A com­pre­hen­sive iden­ti­fi­ca­tion of those his­tor­i­cal and con­tem­po­rary forces—as well as in­sight into how to over­come them—was pro­vided by the Truth and Rec­on­cil­i­a­tion Com­mis­sion of Canada’s (TRC) 94 Calls to Ac­tion, re­leased in June 2015 by Jus­tice Mur­ray Sin­clair, now a mem­ber of the Se­nate. A num­ber of these calls to ac­tion are re­lated to post-sec­ondary ed­u­ca­tion, and later that month Uni­ver­si­ties Canada de­vel­oped a set of New Prin­ci­ples on In­dige­nous Ed­u­ca­tion sup­ported by all of its nearly 100 mem­ber in­sti­tu­tions. To their credit, many of those in­sti­tu­tions had al­ready been work­ing to in­di­g­e­nize their cam­puses for many years, and that has left a pos­i­tive legacy upon which to build. To­day, indi­g­e­niza­tion is in­fus­ing uni­ver­sity strate­gic plans, cul­tur­ally ap­pro­pri­ate stu­dent spa­ces are be­ing built, and cur­ric­ula are be­ing re-en­vi­sioned to in­cor­po­rate in­dige­nous ways of know­ing, for ex­am­ple. If Canada’s uni­ver­si­ties have been lead­ers in help­ing forge a new path to­ward rec­on­cil­i­a­tion be­tween in­dige­nous and non-in­dige­nous Cana­di­ans, few have done more over the past few decades than the Uni­ver­sity of Regina. Indi­g­e­niza­tion has been a guid­ing prin­ci­ple al­most since the mo­ment the in­sti­tu­tion be­came an au­tonomous uni­ver­sity in 1974.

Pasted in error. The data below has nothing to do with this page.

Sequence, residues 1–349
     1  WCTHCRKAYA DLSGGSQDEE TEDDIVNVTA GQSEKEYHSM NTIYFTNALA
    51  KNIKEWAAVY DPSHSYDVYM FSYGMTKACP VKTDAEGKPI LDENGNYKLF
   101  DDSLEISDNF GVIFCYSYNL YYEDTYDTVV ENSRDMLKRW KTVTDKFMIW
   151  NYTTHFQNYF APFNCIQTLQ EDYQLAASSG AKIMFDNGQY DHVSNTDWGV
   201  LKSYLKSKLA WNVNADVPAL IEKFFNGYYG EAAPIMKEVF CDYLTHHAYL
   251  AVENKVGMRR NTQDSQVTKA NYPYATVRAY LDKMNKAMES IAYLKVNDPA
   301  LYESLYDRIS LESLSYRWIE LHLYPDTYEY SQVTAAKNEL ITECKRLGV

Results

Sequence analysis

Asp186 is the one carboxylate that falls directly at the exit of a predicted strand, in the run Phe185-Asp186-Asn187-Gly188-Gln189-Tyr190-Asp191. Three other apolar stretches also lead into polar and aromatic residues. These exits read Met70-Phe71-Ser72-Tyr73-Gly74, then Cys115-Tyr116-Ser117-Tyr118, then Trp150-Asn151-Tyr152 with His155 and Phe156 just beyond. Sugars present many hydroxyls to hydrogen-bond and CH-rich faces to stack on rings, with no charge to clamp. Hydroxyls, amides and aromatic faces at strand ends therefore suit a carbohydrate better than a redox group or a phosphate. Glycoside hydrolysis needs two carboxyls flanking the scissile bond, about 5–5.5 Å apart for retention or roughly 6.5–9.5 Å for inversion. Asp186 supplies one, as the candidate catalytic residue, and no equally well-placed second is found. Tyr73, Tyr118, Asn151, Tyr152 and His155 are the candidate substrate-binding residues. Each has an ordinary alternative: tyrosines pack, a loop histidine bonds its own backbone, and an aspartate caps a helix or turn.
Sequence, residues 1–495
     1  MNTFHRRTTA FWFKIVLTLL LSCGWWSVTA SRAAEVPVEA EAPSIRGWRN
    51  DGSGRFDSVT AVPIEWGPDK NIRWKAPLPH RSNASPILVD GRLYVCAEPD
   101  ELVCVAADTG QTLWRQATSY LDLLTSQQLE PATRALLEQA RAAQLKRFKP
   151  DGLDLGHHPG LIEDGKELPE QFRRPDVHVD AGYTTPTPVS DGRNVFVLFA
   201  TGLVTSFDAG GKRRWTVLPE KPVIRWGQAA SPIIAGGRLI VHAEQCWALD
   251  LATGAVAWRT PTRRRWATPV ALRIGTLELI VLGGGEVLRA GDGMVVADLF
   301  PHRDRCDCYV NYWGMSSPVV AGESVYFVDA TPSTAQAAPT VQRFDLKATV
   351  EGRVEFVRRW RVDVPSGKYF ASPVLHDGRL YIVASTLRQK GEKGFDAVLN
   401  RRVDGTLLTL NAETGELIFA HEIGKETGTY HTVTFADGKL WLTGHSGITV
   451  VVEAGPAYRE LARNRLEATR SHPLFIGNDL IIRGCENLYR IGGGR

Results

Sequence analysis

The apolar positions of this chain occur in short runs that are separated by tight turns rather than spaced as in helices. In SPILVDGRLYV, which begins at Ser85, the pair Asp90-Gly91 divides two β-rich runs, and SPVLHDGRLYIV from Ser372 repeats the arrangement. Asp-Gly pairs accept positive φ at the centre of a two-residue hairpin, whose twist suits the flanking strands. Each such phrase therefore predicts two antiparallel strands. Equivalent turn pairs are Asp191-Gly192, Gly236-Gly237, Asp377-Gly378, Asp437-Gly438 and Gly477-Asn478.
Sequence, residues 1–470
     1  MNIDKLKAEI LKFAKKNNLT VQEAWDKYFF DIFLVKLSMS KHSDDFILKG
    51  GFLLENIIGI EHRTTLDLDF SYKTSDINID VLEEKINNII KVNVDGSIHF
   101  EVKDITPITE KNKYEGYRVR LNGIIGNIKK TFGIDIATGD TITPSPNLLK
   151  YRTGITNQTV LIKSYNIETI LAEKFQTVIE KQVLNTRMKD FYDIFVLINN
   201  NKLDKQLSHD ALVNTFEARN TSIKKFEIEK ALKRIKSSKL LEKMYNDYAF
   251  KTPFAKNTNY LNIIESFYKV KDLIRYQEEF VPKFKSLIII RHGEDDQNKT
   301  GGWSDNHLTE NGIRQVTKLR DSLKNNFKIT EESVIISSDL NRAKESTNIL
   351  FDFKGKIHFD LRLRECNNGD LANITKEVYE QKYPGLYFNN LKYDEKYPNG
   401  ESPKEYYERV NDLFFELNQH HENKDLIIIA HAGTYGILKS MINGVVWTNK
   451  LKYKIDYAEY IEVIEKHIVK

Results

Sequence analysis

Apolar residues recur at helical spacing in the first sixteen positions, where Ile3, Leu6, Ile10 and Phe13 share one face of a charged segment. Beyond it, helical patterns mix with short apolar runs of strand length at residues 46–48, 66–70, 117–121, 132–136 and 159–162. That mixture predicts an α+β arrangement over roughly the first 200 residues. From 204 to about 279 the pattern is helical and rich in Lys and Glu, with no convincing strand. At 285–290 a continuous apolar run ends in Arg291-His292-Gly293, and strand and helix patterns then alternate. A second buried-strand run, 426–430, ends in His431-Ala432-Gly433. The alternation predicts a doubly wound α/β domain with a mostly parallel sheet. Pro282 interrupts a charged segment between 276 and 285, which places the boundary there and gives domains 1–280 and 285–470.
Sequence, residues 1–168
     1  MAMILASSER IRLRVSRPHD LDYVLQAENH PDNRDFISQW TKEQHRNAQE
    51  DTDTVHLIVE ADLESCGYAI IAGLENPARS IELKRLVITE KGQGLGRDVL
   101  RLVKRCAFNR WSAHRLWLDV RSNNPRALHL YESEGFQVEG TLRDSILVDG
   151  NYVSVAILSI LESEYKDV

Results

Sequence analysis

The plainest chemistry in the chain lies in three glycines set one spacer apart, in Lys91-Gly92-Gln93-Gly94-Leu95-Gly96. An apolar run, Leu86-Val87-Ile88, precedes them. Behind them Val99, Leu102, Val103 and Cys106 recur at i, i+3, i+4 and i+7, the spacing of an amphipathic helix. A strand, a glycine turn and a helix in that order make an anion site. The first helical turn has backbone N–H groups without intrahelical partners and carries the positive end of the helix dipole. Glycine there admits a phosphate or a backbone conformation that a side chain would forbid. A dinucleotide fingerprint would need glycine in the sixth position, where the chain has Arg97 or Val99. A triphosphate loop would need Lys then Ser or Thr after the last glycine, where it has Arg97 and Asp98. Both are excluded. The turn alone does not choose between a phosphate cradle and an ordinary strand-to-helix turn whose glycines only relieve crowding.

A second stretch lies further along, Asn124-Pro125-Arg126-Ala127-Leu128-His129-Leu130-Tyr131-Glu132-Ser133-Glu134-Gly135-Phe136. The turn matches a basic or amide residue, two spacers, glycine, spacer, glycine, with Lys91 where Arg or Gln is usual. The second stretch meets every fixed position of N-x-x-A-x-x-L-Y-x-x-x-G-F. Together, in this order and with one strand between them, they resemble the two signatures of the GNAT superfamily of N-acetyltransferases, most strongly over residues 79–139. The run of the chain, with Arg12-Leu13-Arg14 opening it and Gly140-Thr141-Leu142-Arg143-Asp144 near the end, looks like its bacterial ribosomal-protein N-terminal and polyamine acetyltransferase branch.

By 1976, Lloyd Barber, at that time both the Uni­ver­sity of Regina’s sec­ond pres­i­dent and the In­dian Claims Com­mis­sioner for Canada, helped re­al­ize a vi­sion for in­dige­nous post-sec­ondary ed­u­ca­tion in Saskatchewan. As his­to­rian James Pit­sula notes in Hon­our­ing Our Past, Em­brac­ing Our Fu­ture: Cel­e­brat­ing a Cen­tury of Ex­cel­lence in Ed­u­ca­tion at the Uni­ver­sity of Regina Cam­pus, Pres­i­dent Barber “reached out to the Abo­rig­i­nal com­mu­nity and was able to forge an agree­ment to cre­ate the Saskatchewan In­dian Fed­er­ated Col­lege, which pro­vided the first op­por­tu­nity for Abo­rig­i­nal peo­ples in the prov­ince to take own­er­ship of their higher ed­u­ca­tion.” The Saskatchewan In­dian Fed­er­ated Col­lege (now known as First Na­tions Uni­ver­sity of Canada, or FNUniv) was a part­ner­ship be­tween the Fed­er­a­tion of Saskatchewan In­dian Na­tions (FSIN) and the Uni­ver­sity of Regina, and came into be­ing as a Fed­er­ated Col­lege of the uni­ver­sity—aca­dem­i­cally in­te­grated with the uni­ver­sity but ad­min­is­tra­tively in­de­pen­dent.

Since be­gin­ning op­er­a­tions in 1976 with only nine stu­dents, FNUniv has been a re­mark­able suc­cess story. In 2016, the year it cel­e­brated its 40th an­niver­sary, more than 900 stu­dents were reg­is­tered through FNUniv, and hun­dreds more in­dige­nous and non-in­dige­nous stu­dents were tak­ing FNUniv classes as part of their pro­grams at other in­sti­tu­tions. More than 3,000 alumni have grad­u­ated from FNUniv with Uni­ver­sity of Regina de­grees, and many have built suc­cess­ful ca­reers in a va­ri­ety of fields and be­come lead­ers in their com­mu­ni­ties. Cad­mus Delorme, re­cently elected Chief of the Cowessess First Na­tion, is a shin­ing ex­am­ple.